Iain Duncan Smith's department faces renewed mockery over its universal credit "fiasco" after it emerged the cost of the reform could increase by up to £750 million.
Labour said a parliamentary question tabled in March confirmed the government's failure to take into account the cost of free school meals was likely to increase the bill.
The Department for Work and Pensions (DWP) says it has liaised with the Department for Education over how new eligibility criteria for free school meals will work.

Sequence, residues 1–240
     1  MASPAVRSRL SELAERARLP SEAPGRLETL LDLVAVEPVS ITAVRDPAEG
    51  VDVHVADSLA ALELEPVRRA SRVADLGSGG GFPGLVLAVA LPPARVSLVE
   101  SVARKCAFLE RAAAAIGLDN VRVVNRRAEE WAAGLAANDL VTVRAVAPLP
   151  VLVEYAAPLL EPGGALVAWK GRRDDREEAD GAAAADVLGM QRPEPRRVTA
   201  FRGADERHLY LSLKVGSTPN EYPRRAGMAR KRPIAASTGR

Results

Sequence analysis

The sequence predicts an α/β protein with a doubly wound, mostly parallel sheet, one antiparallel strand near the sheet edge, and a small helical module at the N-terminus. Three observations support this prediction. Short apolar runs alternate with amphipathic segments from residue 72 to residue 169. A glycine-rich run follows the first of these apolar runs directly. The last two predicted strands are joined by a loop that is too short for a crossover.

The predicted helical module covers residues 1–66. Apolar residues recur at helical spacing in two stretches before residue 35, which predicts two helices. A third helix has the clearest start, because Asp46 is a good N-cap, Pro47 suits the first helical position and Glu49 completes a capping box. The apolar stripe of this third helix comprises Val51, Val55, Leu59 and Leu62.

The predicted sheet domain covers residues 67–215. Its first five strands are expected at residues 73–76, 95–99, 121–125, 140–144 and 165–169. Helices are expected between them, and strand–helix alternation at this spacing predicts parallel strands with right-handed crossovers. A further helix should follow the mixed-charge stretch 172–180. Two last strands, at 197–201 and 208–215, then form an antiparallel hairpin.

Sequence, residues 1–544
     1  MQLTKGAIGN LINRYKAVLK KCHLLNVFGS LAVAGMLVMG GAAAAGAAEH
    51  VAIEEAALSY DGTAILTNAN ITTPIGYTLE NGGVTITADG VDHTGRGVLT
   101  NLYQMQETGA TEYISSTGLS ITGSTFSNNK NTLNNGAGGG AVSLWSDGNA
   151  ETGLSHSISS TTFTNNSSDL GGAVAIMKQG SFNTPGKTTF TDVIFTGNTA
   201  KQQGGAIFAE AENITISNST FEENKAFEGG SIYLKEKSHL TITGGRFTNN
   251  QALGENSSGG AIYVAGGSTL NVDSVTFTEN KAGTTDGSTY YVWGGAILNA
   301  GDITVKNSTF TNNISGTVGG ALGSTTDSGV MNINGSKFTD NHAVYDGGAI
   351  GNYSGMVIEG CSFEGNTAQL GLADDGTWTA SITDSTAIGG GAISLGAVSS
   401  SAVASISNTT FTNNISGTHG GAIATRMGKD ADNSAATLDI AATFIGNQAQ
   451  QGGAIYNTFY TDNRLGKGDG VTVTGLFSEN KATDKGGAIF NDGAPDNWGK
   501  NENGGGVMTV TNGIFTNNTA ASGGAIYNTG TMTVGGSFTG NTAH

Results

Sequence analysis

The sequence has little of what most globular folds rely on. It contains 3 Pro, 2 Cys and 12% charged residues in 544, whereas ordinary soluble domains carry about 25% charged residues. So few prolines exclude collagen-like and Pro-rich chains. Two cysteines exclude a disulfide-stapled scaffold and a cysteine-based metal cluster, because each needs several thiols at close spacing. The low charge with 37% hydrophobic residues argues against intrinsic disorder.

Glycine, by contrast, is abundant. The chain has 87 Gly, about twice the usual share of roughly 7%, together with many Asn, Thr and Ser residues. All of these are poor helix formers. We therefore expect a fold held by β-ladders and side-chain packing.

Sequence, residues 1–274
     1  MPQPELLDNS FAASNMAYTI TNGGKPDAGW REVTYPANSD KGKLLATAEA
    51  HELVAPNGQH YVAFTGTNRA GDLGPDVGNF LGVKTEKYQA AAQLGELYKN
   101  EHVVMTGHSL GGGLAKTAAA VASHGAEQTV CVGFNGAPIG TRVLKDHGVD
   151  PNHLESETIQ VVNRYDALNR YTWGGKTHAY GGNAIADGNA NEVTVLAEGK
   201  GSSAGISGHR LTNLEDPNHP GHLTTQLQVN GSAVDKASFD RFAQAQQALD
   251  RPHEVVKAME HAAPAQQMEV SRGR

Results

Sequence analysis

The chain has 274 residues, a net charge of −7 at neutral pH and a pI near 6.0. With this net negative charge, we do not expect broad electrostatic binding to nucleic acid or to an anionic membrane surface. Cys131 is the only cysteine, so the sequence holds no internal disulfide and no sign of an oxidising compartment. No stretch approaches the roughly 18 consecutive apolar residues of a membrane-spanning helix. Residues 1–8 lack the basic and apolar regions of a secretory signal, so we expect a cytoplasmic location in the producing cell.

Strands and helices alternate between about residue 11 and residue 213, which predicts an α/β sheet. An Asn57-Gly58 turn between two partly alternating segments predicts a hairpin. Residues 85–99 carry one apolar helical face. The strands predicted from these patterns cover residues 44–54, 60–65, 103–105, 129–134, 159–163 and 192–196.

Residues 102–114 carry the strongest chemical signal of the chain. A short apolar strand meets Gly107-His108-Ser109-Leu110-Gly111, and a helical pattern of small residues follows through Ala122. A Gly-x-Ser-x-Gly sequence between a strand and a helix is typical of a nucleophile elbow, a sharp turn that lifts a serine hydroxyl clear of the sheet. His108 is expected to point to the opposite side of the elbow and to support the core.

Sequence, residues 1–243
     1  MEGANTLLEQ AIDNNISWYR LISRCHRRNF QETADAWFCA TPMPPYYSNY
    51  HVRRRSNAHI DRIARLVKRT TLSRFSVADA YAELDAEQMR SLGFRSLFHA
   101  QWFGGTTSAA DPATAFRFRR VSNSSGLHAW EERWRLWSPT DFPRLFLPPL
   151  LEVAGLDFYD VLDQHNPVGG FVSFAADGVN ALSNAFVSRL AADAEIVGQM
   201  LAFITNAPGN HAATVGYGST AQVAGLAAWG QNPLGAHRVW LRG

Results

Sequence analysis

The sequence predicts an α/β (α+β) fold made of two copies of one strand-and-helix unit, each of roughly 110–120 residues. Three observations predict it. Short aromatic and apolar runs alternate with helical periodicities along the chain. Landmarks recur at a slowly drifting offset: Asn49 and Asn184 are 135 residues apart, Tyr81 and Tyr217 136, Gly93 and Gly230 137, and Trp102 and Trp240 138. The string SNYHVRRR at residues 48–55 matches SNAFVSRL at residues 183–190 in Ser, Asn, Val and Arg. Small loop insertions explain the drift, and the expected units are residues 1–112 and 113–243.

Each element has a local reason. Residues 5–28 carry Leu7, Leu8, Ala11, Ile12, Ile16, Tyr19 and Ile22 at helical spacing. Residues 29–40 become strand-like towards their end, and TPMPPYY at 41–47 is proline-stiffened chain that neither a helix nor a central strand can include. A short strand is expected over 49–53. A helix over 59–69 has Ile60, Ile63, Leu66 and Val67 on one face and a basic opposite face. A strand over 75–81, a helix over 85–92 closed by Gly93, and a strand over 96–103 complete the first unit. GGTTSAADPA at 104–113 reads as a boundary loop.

At present those families who receive benefits like income support become eligible for free school meals.
With agreement yet to be reached the government has previously indicated it will make free school means available to all those on universal credit.
"Ministers have ignored warnings about universal credit and free school meals for years," shadow welfare reform minister Chris Bryant said.
"Now they have admitted the cost of their incompetence could reach £750 million.
"David Cameron must to urgently get a grip of this latest universal credit fiasco with threatens to cost taxpayers millions of pounds."
The DWP argues it is unlikely that all those who receive universal credit will end up receiving free school meals, however.